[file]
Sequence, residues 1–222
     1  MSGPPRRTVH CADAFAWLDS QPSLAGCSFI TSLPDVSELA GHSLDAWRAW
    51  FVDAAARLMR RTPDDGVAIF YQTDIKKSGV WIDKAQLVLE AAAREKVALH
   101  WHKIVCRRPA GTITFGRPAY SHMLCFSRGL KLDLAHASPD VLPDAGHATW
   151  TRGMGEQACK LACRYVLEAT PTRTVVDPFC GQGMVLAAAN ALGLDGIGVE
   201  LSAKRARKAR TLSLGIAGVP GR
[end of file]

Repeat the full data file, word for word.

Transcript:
Sequence, residues 1–222
     1  MSGPPRRTVH CADAFAWLDS QPSLAGCSFI TSLPDVSELA GHSLDAWRAW
    51  FVDAAARLMR RTPDDGVAIF YQTDIKKSGV WIDKAQLVLE AAAREKVALH
   101  WHKIVCRRPA GTITFGRPAY SHMLCFSRGL KLDLAHASPD VLPDAGHATW
   151  TRGMGEQACK LACRYVLEAT PTRTVVDPFC GQGMVLAAAN ALGLDGIGVE
   201  LSAKRARKAR TLSLGIAGVP GR